PhD student filters water vapour information from satellite data

October 24, 2002

PhD student Rüdiger Lang has developed a method to obtain information about water vapour from satellite data not specifically measuring this. The research is part of a project from the FOM Institute for Atomic and Molecular Physics (AMOLF), the Space Research Organisation Netherlands (SRON) and the Free University of Amsterdam.

Water vapour has a greenhouse effect three times stronger than that of carbon dioxide. Therefore a good picture as to the presence, distribution and influence of water vapour in the atmosphere is important. Observations of the atmosphere and the earth's surface from a number of satellites orbiting the earth contain hidden information about water vapour.

In laboratory experiments, Rüdiger Lang determined the exact 'fingerprints' which water molecules leave behind on the signal that satellites measure for the atmosphere as a whole. An instrument in such a satellite looks through the earth's atmosphere and measures the characteristics of the sunlight which is reflected by the earth's surface (land, sea, ice, clouds).

The reflected light contains a large number of absorption lines. These are narrow parts of the spectrum where the light is weakened by specific molecules or atoms in the atmosphere. The form of the lines depends on the concentrations of molecules or atoms and their distribution throughout the atmosphere. As water molecules influence their environment, they leave behind a 'fingerprint' on the absorption lines. The researchers found that the most accurate predictions were obtained when the very weak absorption lines were used.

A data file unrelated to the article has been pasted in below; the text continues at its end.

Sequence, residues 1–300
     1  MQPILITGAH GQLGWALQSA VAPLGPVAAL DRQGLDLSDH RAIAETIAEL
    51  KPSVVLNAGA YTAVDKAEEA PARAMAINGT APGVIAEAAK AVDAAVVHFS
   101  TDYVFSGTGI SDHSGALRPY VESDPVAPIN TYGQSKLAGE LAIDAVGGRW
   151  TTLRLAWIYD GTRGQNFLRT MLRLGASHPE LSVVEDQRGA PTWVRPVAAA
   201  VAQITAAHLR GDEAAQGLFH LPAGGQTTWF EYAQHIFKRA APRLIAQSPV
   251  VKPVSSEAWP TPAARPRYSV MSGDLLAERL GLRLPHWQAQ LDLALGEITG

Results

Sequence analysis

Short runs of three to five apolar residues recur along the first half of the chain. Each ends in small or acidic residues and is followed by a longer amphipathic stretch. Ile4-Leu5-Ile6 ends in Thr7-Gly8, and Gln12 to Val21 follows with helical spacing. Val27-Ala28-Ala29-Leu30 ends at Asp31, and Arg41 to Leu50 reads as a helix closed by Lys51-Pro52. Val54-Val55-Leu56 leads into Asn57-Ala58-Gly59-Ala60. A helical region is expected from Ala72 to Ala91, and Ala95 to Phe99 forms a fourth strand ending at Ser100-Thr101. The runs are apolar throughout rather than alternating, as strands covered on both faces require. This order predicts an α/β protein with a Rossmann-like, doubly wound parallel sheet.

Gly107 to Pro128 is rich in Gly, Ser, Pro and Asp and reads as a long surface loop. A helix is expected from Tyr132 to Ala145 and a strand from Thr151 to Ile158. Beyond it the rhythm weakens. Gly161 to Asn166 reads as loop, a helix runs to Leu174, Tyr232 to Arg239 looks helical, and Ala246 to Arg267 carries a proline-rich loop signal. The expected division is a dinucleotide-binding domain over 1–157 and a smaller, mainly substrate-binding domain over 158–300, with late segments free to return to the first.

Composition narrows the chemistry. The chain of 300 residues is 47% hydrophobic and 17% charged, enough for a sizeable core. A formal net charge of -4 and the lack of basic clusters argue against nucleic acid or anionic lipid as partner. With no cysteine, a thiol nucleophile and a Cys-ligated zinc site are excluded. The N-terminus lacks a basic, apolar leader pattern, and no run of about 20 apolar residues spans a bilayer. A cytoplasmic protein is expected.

An important element in the research was the development of efficient detection methods. Both existing and future satellites gather enormous quantities of measurement data. Unless this can be processed efficiently, it takes far too long to obtain up-to-date data. The methods developed will also be usable for other greenhouse gases.

The greenhouse effect is a socially important issue, yet without the greenhouse effect the earth would be uninhabitable. The quantity of water in the atmosphere alone ensures that the average temperature on the earth is 14oC higher than would be the case if there were no water in the atmosphere. As the average temperature on earth is 14oC then without this water large parts of our planet would be in an ice age. Information about the quantity of water is particularly important if the greenhouse effect is to be fully understood. Water occurs in the atmosphere in three different forms: as ice crystals, water drops and gas (water vapour). Therefore, the influence of water vapour in the atmosphere is complex and the effect is further complicated by the fact that the quantity of water in the atmosphere can vary considerably from place to place.
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Further information can be obtained from Rüdiger Lang (FOM-Institute for Atomic and Molecular Physics), tel. 31-206-081-234, fax 31-206-684-106, e-mail r.lang@amolf.nl. The defence of the doctoral thesis will take place on 31 October 2002. Mr Lang's supervisors are Prof. W.J. van der Zande (FOM Institute for Atomic and Molecular Physics and University of Nijmegen) and Prof. W. Ubachs (Free University of Amsterdam and Technical University Eindhoven), and Prof. I. Aben (Space Research Organisation Netherlands and Free University of Amsterdam) is an assistant supervisor.

The research was funded by the Netherlands organisation for Scientific Research (NWO).

Netherlands Organization for Scientific Research

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